Embedded expression
x := $<...> + 2
An IExpr can be spliced or inserted anywhere a normal expression would be expected.
Top-level definitions
import X
A single IClass_Def, IFunc_Def, IAssignment, or a list containing objects of these types can be spliced at the top-level of a file (since quasi-quotes can not appear at the top-level of a file, this particular type of splicing does not have an insertion equivalent).
Class name
class $<...>(...):
An IVar can be spliced or inserted for a class name.
Class fields
class C:
A single IAssignment or IFunc_Def, or a list containing objects of these types, can be spliced or inserted when an insert appears as a class field.
Function name
func $<...>(...):
An IVar can be spliced or inserted for a function name.
Function parameter(s)
func f($<...>):
A single IParam, or list of IParams, can be spliced or inserted into a functions parameters list.
rename $<...>
A single IRename, or list of IRenames, can be spliced or inserted into a list of renames.
Module lookup
An IVar can be spliced or inserted for a definition to be looked-up in a module.
Slot lookup
A string can be spliced or inserted for a slot name to be looked-up in an object.
Assignment target(s)
$<...> := ...
An IVar, IGet, ISlot_Lookup, or a list containing objects of these types, can be spliced or inserted for the targets of an assignment.

Example: Generating an arbitrary number of functions

Many libraries provide large numbers of near-identical functions to users. For example an HTML library may provide a function for each HTML element, whose job is to create a new object of the matching name. Typically creating each of these functions is an error-prone cut and paste task. With CTMP we can easily generate an arbitrary number of such functions. Using an insertion of a function name we can create quasi-quoted functions whose names are not known statically:
name := "..."
  func $c{CEI::ivar(name)}():
Note that the resulting function's name will be dynamically scoped. Since we can splice lists of ITrees in at various locations, it then becomes trivial to generate multiple such functions. Let's take a simple example of a function which should generate a list of ITree functions which should print the name of the function when executed:
func pfuncs(names):
  funcs := []
  for name := names.iter():  
      func $c{CEI::ivar(name)}():
  return funcs
We can then use this function in a module as follows:
$c<pfuncs(["dog", "cat", "mouse"])>

func main():
Running this module will print out dog and cat.

Src infos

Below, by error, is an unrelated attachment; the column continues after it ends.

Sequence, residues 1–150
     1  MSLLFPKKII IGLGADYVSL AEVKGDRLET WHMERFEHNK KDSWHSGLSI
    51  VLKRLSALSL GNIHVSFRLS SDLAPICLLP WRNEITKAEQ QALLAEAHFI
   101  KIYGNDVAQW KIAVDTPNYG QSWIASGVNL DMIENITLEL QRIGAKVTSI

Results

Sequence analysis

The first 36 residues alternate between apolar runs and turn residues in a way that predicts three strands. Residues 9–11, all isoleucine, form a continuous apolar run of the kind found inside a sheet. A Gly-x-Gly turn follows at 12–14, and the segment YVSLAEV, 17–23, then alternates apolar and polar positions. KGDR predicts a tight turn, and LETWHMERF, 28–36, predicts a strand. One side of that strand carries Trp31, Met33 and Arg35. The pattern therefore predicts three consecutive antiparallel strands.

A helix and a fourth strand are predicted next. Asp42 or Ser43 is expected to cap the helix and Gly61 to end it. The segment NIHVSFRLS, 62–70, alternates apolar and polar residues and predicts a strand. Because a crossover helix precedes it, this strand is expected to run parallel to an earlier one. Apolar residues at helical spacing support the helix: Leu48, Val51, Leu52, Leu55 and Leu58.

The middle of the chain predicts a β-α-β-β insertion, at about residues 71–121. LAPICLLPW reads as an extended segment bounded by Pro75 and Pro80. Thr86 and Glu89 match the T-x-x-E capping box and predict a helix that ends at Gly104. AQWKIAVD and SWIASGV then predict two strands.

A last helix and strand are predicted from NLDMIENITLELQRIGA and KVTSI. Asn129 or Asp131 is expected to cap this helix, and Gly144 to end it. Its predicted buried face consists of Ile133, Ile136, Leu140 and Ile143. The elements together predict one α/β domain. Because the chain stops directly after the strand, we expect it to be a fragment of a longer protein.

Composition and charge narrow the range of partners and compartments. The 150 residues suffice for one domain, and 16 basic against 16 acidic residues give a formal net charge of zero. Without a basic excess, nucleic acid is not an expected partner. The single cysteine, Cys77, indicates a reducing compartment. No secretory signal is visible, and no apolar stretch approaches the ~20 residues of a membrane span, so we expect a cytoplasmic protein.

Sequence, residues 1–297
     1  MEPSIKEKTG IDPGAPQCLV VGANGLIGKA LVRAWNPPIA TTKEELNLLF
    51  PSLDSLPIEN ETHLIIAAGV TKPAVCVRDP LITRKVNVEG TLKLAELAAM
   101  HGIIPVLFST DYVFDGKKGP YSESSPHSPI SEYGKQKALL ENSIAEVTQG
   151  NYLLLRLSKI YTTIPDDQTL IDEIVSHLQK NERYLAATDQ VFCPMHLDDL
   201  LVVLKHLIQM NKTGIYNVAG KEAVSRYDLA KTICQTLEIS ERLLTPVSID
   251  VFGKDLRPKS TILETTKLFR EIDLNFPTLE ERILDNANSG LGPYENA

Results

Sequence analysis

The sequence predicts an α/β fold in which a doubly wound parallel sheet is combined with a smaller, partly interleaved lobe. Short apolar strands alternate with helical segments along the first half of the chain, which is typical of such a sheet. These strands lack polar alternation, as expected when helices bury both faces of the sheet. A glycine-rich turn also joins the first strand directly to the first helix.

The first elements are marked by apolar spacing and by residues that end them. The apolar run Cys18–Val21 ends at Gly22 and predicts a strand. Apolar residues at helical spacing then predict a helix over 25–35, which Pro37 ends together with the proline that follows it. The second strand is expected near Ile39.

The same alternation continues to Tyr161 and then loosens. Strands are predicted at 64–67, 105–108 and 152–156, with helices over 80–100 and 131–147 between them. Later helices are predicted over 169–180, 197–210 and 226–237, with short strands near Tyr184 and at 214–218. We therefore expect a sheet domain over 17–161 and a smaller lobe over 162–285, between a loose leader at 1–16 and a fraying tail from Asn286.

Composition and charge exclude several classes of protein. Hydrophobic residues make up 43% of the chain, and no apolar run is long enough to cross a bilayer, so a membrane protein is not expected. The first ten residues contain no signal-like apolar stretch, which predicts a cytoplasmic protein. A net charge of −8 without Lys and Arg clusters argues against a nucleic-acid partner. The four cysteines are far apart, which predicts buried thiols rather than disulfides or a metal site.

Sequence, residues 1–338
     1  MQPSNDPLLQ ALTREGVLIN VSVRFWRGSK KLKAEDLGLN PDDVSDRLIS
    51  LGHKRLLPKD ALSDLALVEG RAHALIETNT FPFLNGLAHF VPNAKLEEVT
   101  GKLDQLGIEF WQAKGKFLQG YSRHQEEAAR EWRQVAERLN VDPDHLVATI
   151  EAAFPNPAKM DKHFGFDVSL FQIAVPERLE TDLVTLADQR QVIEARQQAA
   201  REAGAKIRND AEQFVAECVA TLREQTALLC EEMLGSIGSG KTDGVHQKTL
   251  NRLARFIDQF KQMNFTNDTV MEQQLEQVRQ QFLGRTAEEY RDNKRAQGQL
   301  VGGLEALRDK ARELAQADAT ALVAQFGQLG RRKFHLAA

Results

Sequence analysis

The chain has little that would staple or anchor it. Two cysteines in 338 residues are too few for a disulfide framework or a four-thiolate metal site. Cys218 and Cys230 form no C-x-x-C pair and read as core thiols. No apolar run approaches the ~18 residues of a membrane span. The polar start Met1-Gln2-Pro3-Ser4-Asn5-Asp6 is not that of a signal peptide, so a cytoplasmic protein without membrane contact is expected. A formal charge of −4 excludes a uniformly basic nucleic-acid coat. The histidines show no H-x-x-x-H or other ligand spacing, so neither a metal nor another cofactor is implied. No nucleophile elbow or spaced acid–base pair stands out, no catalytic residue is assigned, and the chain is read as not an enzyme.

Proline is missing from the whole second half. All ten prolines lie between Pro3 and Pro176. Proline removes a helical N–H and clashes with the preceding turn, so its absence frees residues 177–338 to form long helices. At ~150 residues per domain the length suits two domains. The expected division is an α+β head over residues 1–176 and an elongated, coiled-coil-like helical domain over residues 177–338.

Src infos are Converge's way of passing around and storing information relating bytecode instructions to the source code location that generated that bytecode. The src info concept is used uniformly throughout the Converge parser, compiler, and VM. A src info is a tuple [<file name>, <char offset>]; src infos are lists of these tuples. The special variable __SRC_INFO__ returns src infos that pinpoint the first character of the variable name.

When an ITree is built with quasi-quotes, it automatically picks up the src infos of the file and location of the quasi-quote. Extra src infos can be added using the following syntax:

[<expr>| ... |]
Calling ITree creation functions in the CEI module automatically adds src infos relating the caller to the ITree. i.e. CEI::ix(...) is roughly equivalent to ITree::Ix.new(..., __SRC_INFOS__).

DSL blocks

A DSL can be embedded into a Converge source file via a DSL block. Such a block is introduced by a variant on the splice syntax $<<...>> where expr should evaluate to a function (the DSL implementation function). Note that, as with normal splices, the default action of a DSL splice is to ensure that no variable capture can occur; both capturing DSL splices $c<<...>> and pragma DSL splices $p<<...>> are available.

The DSL implementation function is called at compile-time with a string representing the DSL block, and is expected to return an AST which will replace the DSL block in the same way as a normal splice. Compile-time meta-programming is thus the mechanism which facilitates embedding DSLs. Colloquially one uses the DSL implementation function to talk about the DSL block as being `an expr block'.

An example of a DSL block and DSL implementation function is as follows:

func dslim(dsl_block, src_infos):
  return ...

Typically the DSL implementation uses the CEI::dsl_parse convenience function to parse the DSL block.

Inserting ITrees which may capture

A tricky problem is embedding an ITree which may wish to intentionally capture variables in the scope it is spliced into, not the ITree it is inserted into. If dynamically scoped variables are used within the ITree being embedded into, problems can occur - this happens frequently with DSLs. The CEI::embeddable_itree function can be used to solve this problem. It takes in an ITree, and returns a copy with all free and bound variables to fresh names; usefully it also returns a list of IRenames which can be spliced in at the outermost-embedding level to ensure that the capturing. A typical use of this is as follows:
renames, embeddable_cit := CEI::embeddable_itree(cit)
return [|
    func () {
        rename $c{renames}

Further reading

Examples of compile-time meta-programming with accompanying discussion can be found in the Converge distribution.